Hatching and cross hatching are two techniques to add texture and depth to your colouring. They’re closely related and will help you take your colouring up a level.
What are Hatching and Cross Hatching?
Hatching is creating hundreds of fine lines all running parallel to each other. It’s a technique to add shade to an area. The closer together the lines are, the darker the area will be. Likewise, the further apart the lines are, the lighter the area will be.
Cross hatching is similar in that it has many fines lines running parallel to each other, but you add another layer of lines running at an angle to the first layer. This makes it look woven or like mesh which gives the colouring depth and texture. The grass in the image looks like cross hatching.
Now you know what hatching and cross hatching are, here are a few tips to help you master them:
When I first started hatching and cross hatching, I was more bothered about getting the lines equally spaced than the colouring looking good. It was hard at first but once I realised I didn’t need to use a ruler to draw straight lines (yes, I was that bad), I let myself go a bit and had fun! After a little while, my lines became straighter.
I improved by drawing short lines. You know when you’re trying to draw a long line and you lose concentration ending up with a hump in your line? Mine were like that, too. I found drawing short lines made me more aware of controlling my pencil. As my confidence grew my lines got longer and more accurate.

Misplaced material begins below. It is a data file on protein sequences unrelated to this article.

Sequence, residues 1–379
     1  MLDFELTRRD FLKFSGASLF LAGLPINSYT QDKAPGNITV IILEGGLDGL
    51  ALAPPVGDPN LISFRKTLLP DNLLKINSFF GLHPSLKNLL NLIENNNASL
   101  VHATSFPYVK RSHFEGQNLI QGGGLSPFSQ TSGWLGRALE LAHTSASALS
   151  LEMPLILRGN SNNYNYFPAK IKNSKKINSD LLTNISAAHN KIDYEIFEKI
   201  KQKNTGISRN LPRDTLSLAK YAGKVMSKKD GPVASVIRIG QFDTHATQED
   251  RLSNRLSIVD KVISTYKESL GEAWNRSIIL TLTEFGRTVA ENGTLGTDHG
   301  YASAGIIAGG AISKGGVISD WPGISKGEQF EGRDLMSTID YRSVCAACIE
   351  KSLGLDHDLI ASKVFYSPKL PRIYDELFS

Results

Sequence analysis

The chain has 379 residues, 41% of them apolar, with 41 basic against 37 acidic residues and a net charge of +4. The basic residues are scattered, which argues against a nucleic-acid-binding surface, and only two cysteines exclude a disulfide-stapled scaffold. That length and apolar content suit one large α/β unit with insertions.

Getting the Angles Right.
This was challenging. Cross hatching is about angles. Specifically, it’s about getting your angles right. If they’re not right they scream at you. No escape.
When your angles are right, the effect is even and balanced. Again, it’s about practice and doing it until you get it right, then doing it some more to make sure.
My angles go off when I draw them towards my body. I have to draw them with the pencil going away from my body and at a slight angle. Practice until you find what’s right for you.
Different Coloured Layers.
You get more out of your colour palette when you have different coloured layers of cross hatching than if you use the same colour. It makes your cross hatching look textured. Start with the lightest colour then go dark. If you start with the dark shade and layer lighter colours over it, you could transfer that dark pigment over your page.
Try cross hatching in different colours with more than two layers. Most newbies only use two colours with a diagonal pattern. You could add more layers for added depth. Vertical or horizontal lines added to two crossed diagonals would offer you more options when it comes to shading and creating the perception of texture.
What do you think? What’s your cross hatching experience?
Let us know in the comments!